Cashing in on Cashman’s Tips
  |  First Published: October 2011

Monday to Friday, Peter Cashman’s an unassuming, 53 year old Financial Planner who lives in Chapel Hill. Come the weekend he’s a super keen lure angler who spends plenty of time breaming in waters from Moreton Bay through to the Gold Coast.

Given Pete’s history – he’s a champion club-fishing angler from the City Hall club in Brisbane – it was interesting to spend a session with him lure fishing for a bag of five bream.

After watching an early-days AFC episode, Pete decided to shift his bait fishing skills to the lure fishing arenas. He’s not alone in the shift as readers may be familiar with names like Mick Lee, Chris Britton and Anthony Wishey, who have also spent time in the club and bait fishing ranks.

Typically, someone who’s quite capable of catching 100 bream in a session on bait has a good sense of when and where bream are located, so we took the opportunity to outline three of Pete’s favourite scenarios, techniques and tackle with the intention of giving you some ideas to try if you can identify some parallel situations in your local waters.

Pete’s good mates with his tackle sponsor, Michael Cole from Brisbane-based Austackle, and Michael came along for the day to keep an eye on how his products were performing. Austackle prides itself in supplying gear that catches fish at a fraction of the price of premium brands, so I was as interested as anyone in seeing how the catch rates compared.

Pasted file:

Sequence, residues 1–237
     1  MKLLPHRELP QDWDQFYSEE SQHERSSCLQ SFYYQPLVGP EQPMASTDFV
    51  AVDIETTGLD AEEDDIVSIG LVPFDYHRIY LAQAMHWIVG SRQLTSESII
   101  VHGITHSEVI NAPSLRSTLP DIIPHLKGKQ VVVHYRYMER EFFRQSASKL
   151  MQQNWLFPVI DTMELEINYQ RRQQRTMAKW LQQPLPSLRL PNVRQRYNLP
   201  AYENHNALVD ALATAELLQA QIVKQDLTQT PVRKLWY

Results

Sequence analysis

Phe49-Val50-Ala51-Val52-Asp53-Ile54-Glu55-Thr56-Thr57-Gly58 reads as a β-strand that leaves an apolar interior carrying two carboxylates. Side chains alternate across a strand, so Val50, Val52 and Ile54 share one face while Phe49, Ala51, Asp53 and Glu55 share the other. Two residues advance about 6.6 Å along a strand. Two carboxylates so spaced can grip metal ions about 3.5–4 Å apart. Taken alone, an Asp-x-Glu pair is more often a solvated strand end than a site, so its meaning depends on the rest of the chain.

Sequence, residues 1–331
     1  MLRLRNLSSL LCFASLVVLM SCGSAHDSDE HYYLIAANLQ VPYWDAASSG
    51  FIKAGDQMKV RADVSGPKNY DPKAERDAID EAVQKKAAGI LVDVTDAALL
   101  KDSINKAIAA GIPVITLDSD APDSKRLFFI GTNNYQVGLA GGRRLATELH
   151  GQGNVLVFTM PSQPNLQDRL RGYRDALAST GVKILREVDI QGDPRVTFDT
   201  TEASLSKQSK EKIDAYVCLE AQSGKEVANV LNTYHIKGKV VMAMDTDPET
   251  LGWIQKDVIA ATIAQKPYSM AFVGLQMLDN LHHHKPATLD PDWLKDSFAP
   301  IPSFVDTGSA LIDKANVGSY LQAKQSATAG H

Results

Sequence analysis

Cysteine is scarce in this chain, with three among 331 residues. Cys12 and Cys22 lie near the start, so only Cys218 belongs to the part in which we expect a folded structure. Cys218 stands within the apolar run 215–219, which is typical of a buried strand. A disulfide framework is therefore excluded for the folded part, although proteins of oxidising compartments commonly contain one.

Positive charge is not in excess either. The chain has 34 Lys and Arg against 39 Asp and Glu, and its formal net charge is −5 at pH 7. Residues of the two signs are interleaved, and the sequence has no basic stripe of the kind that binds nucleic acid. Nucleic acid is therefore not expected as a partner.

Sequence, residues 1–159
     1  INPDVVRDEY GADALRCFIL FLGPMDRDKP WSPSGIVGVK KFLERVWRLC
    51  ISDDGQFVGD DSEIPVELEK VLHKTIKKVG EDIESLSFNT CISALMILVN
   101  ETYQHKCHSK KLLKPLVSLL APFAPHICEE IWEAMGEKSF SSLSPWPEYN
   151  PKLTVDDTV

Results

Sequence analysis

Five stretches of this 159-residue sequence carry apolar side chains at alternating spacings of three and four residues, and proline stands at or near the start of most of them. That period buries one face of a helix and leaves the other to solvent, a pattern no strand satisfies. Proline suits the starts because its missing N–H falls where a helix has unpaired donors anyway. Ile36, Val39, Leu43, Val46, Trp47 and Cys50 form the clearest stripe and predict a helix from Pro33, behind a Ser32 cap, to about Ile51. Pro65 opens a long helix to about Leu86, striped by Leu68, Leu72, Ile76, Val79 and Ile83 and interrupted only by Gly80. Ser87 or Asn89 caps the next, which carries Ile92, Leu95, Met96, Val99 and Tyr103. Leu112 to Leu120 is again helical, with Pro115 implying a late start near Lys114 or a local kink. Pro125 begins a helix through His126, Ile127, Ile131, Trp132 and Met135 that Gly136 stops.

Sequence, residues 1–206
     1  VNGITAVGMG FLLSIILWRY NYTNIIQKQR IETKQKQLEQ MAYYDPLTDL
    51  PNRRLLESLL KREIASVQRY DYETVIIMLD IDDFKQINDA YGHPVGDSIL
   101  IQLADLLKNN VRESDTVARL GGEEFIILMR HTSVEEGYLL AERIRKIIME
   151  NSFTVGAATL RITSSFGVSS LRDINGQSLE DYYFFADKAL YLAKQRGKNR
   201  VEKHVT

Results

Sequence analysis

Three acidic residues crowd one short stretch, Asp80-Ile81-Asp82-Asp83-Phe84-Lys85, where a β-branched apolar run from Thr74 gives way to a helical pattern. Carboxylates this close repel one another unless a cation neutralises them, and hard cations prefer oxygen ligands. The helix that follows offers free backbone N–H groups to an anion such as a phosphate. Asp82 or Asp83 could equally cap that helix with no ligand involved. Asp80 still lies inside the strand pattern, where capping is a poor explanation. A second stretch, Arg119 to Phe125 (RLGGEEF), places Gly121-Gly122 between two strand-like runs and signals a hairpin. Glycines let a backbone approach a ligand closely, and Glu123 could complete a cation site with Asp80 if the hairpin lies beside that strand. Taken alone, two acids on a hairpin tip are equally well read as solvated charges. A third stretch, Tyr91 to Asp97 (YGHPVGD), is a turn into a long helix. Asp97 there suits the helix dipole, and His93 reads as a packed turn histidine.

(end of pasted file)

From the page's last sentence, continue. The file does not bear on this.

To put the day in context, we fished standard BREAM tournament hours – 7am to 2pm – and recorded the lengths of Pete’s biggest five bream. It was an early morning low tide on the day we fished, followed by a medium sized high tide at nearly 11am. Pete had a good low tide, flooding tide and high tide pattern sorted out, so let’s look at how the day panned out and what tackle and techniques he used and when.


After launching at Jacobs Well, we travelled 10 minutes to Cashman’s first spot – a mid channel rock bar near the mouth of the Logan River. There was still a reasonable amount of current running across the sunken bar, yet only a couple of feet of water on top of it at its shallowest point. It rippled the water on the windless morning.

Peter likes a stealthy approach, stopping well short of the structure and manoeuvring the boat with the electric motor. I noticed straight away that he likes fishing across the current. He positions his boat parallel to the areas he wants to cast and throws slightly upstream, letting the lure tumble down with the flow.

“That’s the way we used to fish with yabbies for bream at the ‘Pin on club nights,” Peter reminisces, “it seems natural for the lure to tumble down, close to the bottom and with the current in the same manner.”